Waste Whey? Some Say No Way.

Swiss cheese-maker Ernst Waser lets the whey drain off from the skimmed cheese curd through the cheesecloth. i i

hide captionSwiss cheese-maker Ernst Waser lets the whey drain off from the skimmed cheese curd through the cheesecloth.

GAETAN BALLY/KEYSTONE /Landov
Swiss cheese-maker Ernst Waser lets the whey drain off from the skimmed cheese curd through the cheesecloth.

Swiss cheese-maker Ernst Waser lets the whey drain off from the skimmed cheese curd through the cheesecloth.

GAETAN BALLY/KEYSTONE /Landov

When you open a tub of yogurt, do you pour off that cloudy layer of liquid that collects on the top? If so, you're not just wasting nutritious protein and lactose – you're tossing out what some scientists see as a valuable raw material.

Strange though it might seem, researchers at the Fraunhofer Institute for Process Engineering in Germany announced this week that they're turning whey into plastic-like films.

Their material is really the whey protein, the same stuff you might mix into a post-workout smoothie. When heated in a process called "denaturing," the protein molecules change shape. When sprayed onto a surface, such as plastic wrap, they form a thin, flexible layer that helps protect food from oxygen and moisture, the researchers say.

That's good news for dairy producers, who now may have one more use for a waste product that once was only good for fertilizer or hog feed.

So how did this mild-mannered substance go from pig food to plastic wrap?

Whey has always been a byproduct of cheese-making. Ed Janus, a Wisconsin-based journalist and dairy historian, tells The Salt that farmers used to insist that cheese makers who bought their milk send leftover whey back to the farm.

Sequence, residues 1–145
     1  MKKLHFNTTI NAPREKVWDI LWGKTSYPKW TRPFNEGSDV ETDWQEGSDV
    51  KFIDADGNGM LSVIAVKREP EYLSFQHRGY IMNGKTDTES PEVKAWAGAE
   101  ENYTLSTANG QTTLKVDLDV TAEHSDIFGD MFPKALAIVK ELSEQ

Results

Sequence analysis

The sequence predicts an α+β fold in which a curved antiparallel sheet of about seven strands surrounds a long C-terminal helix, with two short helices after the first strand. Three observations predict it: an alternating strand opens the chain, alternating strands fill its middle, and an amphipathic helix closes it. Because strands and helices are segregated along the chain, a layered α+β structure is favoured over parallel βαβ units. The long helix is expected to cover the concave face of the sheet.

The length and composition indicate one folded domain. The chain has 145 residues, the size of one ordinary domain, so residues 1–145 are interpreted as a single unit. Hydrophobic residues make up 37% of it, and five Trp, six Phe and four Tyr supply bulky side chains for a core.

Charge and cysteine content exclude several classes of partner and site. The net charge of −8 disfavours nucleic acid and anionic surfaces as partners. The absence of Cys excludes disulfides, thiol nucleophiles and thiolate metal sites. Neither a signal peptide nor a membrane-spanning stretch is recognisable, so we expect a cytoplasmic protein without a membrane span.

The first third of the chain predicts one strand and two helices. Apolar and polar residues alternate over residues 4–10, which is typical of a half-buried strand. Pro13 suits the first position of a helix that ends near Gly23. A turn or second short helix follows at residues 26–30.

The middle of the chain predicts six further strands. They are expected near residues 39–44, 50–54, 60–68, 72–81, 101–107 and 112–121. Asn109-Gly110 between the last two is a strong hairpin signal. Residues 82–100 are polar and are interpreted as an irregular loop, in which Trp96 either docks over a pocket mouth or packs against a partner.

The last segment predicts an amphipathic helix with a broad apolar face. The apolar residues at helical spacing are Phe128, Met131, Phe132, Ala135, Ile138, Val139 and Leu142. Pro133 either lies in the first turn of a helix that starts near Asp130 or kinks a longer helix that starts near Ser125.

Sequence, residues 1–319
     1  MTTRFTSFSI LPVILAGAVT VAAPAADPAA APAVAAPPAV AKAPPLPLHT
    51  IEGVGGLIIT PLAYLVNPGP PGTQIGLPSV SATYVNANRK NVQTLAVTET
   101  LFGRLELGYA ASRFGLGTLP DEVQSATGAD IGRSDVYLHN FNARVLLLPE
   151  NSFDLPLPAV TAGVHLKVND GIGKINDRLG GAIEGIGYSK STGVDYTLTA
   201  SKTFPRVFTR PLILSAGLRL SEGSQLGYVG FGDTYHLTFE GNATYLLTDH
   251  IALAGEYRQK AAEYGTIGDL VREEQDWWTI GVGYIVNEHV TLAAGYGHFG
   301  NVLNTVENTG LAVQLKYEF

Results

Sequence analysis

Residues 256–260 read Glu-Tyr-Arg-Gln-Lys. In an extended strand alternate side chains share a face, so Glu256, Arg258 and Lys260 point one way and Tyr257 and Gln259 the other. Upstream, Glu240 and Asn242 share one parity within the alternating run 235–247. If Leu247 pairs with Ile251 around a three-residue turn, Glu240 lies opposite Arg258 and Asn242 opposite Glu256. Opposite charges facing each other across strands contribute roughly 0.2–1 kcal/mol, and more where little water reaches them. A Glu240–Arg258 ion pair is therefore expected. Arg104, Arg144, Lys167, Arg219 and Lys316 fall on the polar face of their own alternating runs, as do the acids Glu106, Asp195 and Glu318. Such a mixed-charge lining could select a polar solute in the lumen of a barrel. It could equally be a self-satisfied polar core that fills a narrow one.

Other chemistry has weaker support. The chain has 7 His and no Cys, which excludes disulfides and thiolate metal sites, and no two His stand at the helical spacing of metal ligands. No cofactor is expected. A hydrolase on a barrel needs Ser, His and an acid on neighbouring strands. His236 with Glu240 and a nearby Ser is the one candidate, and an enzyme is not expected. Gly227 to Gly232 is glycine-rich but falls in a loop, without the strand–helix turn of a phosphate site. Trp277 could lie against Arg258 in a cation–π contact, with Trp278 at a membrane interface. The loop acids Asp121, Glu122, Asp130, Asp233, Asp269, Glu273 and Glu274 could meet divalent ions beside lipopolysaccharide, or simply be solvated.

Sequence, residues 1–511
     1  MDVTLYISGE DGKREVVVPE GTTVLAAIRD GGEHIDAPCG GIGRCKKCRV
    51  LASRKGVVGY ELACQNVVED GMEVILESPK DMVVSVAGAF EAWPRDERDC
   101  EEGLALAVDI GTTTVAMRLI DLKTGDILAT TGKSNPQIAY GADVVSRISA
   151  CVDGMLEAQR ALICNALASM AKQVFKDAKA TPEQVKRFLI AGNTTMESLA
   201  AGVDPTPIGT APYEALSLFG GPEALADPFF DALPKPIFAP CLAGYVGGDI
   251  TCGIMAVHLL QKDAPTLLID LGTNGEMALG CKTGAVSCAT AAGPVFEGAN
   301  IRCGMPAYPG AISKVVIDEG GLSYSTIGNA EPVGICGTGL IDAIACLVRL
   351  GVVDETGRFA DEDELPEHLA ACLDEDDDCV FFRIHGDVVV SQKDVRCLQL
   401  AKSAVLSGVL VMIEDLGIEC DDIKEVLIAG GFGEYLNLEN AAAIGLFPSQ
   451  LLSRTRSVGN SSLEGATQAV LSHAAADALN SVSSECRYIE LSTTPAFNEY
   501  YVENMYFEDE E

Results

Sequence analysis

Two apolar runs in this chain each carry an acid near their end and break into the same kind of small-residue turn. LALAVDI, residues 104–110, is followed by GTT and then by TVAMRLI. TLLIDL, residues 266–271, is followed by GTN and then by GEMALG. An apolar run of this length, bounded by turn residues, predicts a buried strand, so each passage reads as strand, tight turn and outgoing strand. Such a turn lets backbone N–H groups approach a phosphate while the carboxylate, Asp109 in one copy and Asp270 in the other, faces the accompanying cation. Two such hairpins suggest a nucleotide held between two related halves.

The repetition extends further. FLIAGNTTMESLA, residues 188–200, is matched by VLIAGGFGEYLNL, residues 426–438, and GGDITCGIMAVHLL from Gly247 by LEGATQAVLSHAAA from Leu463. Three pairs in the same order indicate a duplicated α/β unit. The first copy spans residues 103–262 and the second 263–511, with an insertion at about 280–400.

"A lot of farmers, especially farmers that raised hogs, they wanted their whey back ... for their hogs," Janus says.

But as the market for cheese expanded, so did the volume of whey that producers had to get rid of. Since whey is mostly water, the cost of transporting the weighty liquid became prohibitive. Instead of returning to farms, a lot of whey ended up going down the drain.

But then came the whey revolution.

"The modern era started in the 1960's," says John Lucey, director of the Center for Dairy Research at the University of Wisconsin, when food scientists figured how to capture the best stuff from the whey.

New membranes and filters made it possible to separate proteins and sugars from the water. Those solids now often show up as powders, and find their way into cranberry-honey smoothies.

You're also eating those solids as additives to other products. According to the U.S. Dairy Export Council, a non-profit industry group, whey products are used in everything from baked goods to processed meats to emergency food rations, and are even added back into some dairy products. Depending on the food, whey might be used to add protein, to improve texture and flavor, or as an egg replacement.

In some parts of the world, like central Europe and northern Africa, there's a long history of drinking raw whey. There's even a fizzy soft drink called Rivella, popular in its native Switzerland, which uses whey as a base.

Although whey beverages haven't caught on with Americans, at least one small producer sees potential. White Cow Dairy, in upstate New York, this year started marketing a line of "dairy tonics" — fermented probiotic smoothies made with whey, yogurt, and fresh fruits.

But these beverages will have to overcome the assessment of one food scientist that whey "would be a poor substitute for milk."

Well, at least it may be a good substitute for plastic.

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